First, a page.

Looking out for children in world's murder capital

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MONDAY: Olara Otunnu, the special United Nations representative for children and armed conflict, is on a fact- finding mission in the Colombian town of Medellin. As far as Colombians are concerned, Medellin is the murder capital of the world.

He has come to put children on the international agenda - a tall order in a country where 15 million live below the poverty line and a third of all paramilitary fighters are children. At a home for prostitutes and former gang members, Mr Otunnu meets Valeria, a 15-year-old "sicario", or assassin. Sicarios are often paid by the drug barons to kill at point- blank range. With no emotion, Valeria talks of how she held up a taxi driver and cut his throat "by accident". She coyly admits that in the future she wants to be a marine biologist.

TUESDAY: Next stop, Soacha, a shanty town on the outskirts of the capital, Bogota. The police refuse to patrol this area, and Mr Otunnu is accompanied by a security guard. At a school run by police cadets because of the murder rate among the teaching staff, he is told that this is a microcosm of Colombia's fractured society. Among the students are gangs loyal to the paramilitaries, the rebels and the drug barons. And the school building reflects the nation's recent history - battered and decaying. There are few books and virtually no furniture. Mr Otunnu hears that many children witnessed the recent murder of a teacher, but that not a single one would talk about it.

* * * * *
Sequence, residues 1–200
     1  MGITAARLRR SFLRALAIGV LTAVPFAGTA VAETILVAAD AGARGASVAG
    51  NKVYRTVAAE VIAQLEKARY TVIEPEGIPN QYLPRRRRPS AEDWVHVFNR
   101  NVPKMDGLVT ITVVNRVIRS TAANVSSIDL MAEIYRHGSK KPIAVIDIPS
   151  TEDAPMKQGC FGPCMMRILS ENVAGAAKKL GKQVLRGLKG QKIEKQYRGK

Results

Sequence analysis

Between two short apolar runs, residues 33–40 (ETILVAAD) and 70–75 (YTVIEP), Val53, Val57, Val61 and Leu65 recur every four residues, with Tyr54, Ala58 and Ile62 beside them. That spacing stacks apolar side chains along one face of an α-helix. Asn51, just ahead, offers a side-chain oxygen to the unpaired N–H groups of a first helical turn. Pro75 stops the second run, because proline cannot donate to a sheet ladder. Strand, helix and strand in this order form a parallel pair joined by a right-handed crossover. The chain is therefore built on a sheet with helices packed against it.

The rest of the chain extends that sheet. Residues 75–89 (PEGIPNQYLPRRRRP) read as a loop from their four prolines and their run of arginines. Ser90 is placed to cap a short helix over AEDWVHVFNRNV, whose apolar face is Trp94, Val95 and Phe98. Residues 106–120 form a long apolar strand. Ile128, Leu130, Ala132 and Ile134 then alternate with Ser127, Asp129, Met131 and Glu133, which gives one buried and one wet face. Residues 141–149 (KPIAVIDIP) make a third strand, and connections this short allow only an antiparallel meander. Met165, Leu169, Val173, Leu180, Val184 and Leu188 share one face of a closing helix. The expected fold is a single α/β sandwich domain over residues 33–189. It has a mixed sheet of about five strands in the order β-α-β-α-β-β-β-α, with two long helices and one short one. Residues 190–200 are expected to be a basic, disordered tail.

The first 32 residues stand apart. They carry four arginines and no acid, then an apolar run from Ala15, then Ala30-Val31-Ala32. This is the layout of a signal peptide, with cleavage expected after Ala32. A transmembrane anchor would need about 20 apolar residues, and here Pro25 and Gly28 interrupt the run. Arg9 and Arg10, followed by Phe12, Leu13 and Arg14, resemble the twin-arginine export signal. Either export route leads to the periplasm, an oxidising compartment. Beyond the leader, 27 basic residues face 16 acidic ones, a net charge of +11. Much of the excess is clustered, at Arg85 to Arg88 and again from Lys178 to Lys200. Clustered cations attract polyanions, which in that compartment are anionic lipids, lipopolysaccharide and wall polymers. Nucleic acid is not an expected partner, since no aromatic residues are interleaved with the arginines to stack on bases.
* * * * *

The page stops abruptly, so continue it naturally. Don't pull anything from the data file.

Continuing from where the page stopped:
WEDNESDAY: Mr Otunnu meets Javier. He left his village at 14 and joined the rebels. He says he did it because he was hungry. He gave himself up to the army at 16 after seeing a group of his friends slaughtered for trying to desert the guerrilla militia. They were caught, tied to a tree and Javier saw a bullet go into each head. Mr Otunnu, who is from Uganda, sings an Acholi welcome song. This should be surreal, but somehow it isn't.

THURSDAY: Before leaving Colombia, he meets the other UN agencies on the ground - the children's fund, Unicef, is there, as is UNHCR - the refugee agency - and UNDP, the development programme. When he was appointed in 1997, critics said yet another layer of UN bureaucracy would be created. But perhaps he is pointing the way. With an office of fewer than 12 people, he has wrested pledges from the Tamil Tiger rebels in Sri Lanka not to recruit children under 17. And he has obtained commitments, from governments and guerrilla factions in Sudan, Burundi, Congo and Angola not to use soldiers under 18. Whether they fulfil their promises is another matter.

FRIDAY: New York. The contrasts in Mr Otunnu's life are huge. Today he is at UN headquarters drumming up support for a security council resolution on children - the first of its kind. He says that resolutions are international law, and that even rebel groups eventually want power and legitimacy. They may not have signed treaties such as the UN Convention on the Rights of the Child, but they can be shamed.

SATURDAY: Mr Otunnu relaxes. He has no children of his own. But he has adopted six from his brother and sister, who are both dead. If it were not for the bad blood between himself and the Ugandan President, Yoweri Museveni, he might have been secretary general of the UN. Museveni intervened to prevent it and Kofi Annan ultimately took the top job.

Christopher Gunness

Olara Otunnu was interviewed for the Children in Arms documentary, to be broadcast on BBC Radio 4 at 8pm on 7 September.